Suzuki-sensei and Tamura-Sensei said that they think these are both good angles, but said the international pressure angle may be the most effective. He said that the Japanese government can be embarrassed about international bad press and that international pressure has been effective in the past and should be in this case as well.

      15:45
      Japanese woman from the audience talks about how hers sons ex wife took their three kids, claimed DV and he and his family have not been able to able to see his children years.

      16:00
      Japanese woman, Yamada-San who recently had her son taken taken by her Czech husband. She said the the laws in Japan are terrible because Japanese children are easily stolen and taken overseas.

      16:10
      Japanese woman Watanabe-San said her daughter was not returned as well and wants japan to change law.

      16:15
      Jose Maria
      Explains his story of his son being taken from Spain to japan. He came to japan to get his son but was put into jail for 23 days for spray painting “hello son, papa is coming to see you”.

      He explained that while in jail the police tried to force him to sign a document that says he will never return to japan and will not tell the Spanish press or authorities about the details of this case. He refused to sign so they kept in jail for severel more days. He then negotiated the terminology of the agreement and was finally released. Unfortunately none of his story was being properely translated so I took the mike away and translated his story properely to the gov. Officials and participants.

      Japanese gov. Official commented about Jose’s case saying he is extremely embarrassed about how Japan dealt with his case. He said that Japan is very behind the rest of the world and wants to change the law in japan.

      14:30
      Tanamura-sensei from Waseda university presents process of approving Hague and various aspects of this treaty. Strongly suggests we need to sign this, but there are many complex problems with the Japanese law that make signing at this time very difficult.

      Darshaun
      ends

    4. David Says:

      Interesting the comparison to German law – the government today lost a case at the EU human rights court. Fathers who are not married at time of birth of their children have no rights to joint custody under German law. The court ruled this violated human rights. All over the news in Germany today.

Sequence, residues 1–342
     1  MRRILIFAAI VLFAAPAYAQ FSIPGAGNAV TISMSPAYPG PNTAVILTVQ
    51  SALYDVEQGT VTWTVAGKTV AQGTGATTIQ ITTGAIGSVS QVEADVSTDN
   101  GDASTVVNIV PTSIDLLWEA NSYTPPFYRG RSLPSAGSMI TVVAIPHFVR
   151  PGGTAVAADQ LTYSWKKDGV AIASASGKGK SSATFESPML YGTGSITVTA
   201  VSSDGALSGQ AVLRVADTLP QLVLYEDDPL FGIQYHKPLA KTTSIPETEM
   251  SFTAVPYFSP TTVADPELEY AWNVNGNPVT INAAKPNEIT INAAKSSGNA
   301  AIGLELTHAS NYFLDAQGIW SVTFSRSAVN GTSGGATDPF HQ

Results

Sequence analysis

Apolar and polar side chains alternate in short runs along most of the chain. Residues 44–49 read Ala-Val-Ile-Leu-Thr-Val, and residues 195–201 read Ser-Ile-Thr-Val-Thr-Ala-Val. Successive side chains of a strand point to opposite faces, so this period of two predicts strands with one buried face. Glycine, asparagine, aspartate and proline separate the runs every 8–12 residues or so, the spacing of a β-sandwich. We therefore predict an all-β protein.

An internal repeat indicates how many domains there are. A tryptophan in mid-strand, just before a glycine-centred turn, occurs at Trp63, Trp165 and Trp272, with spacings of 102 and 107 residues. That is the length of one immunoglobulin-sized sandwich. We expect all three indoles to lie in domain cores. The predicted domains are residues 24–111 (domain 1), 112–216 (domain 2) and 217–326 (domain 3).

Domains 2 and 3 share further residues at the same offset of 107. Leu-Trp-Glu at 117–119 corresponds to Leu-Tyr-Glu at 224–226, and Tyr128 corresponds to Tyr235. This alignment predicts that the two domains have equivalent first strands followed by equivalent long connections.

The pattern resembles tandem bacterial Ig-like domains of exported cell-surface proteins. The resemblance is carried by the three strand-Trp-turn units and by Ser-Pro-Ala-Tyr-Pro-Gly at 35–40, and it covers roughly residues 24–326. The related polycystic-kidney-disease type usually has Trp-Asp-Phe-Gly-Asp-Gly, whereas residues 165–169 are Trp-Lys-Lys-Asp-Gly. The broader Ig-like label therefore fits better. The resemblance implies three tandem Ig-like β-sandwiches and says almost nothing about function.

http://www.dw-world.de/dw/article/0,,4964925,00.html?maca=en-tagesschau_englisch-335-rdf-mp

      JUSTICE | 03.12.2009
      European court says Germany discriminates against single fathers

      Single German dads may soon get better custody rights
      The European Court of Human Rights has upheld a German father’s right to joint custody of his daughter. The ruling spells trouble for German law, which denies single fathers joint custody.

      The court in Strasbourg ruled that German courts had discriminated against a single father when they denied him joint custody of his 14-year-old daughter.

      According to German law, single fathers are only entitled to joint custody of their children if they have the mother’s consent.

      The situation is different for married couples. Husbands are automatically entitled to joint custody, and the European court found this violated European conventions against discrimination.

      Ball now in Germany’s court

      The Court of Human Rights only considers individual cases, but its rulings are important for setting precedents. It is usually incumbent upon European Union member-states to prevent a similar case from recurring.

      The German government must now consider revising its custody laws or attempting to appeal the ruling.

      The 45-year-old complainant brought his case before the European court after exhausting all avenues in the German court system.

      Children just as harmed as when married couples divorce

      German courts had argued that a decision against the mother would have harmed the interests of the child. The Strasbourg court conceded that children can be traumatised by custody disputes, but ruled that the situation was no different for married and divorced couples.

      Although the complainant’s plea for damages was rejected, the court ordered the German government to reimburse him for his legal fees.

      ENDS

    5. John (Yokohama) Says:

      Now if only this sentiment was extended to fathers and NJ alike:

      “Commenting on the wife’s position, the judge stated: “It is impossible to imagine the mental anguish of being separated for such a long time from the children she loved.””

      “Japanese consulate renewed passports of children taken overseas without consent”, (Mainichi Japan) December 4, 2009

      http://mdn.mainichi.jp/mdnnews/news/20091204p2a00m0na015000c.html

    6. Christopher Says:

      Arudou-san, I thought that it might be interesting and appropriate for your readers to see the exact English text of my letter that was presented at the Symposium. It really does seem that we are finally making significant progress in gaining an understanding of the scope and difficulties with this parental abduction situation among people who can make a difference both from within Japan and in the U.S. Congress, which will help our children to eventually gain access to their parents. I am so glad that this is now being seen as a major foreign policy issue both within Japan and within the governments of the countries of left-behind foreign parents. -CJS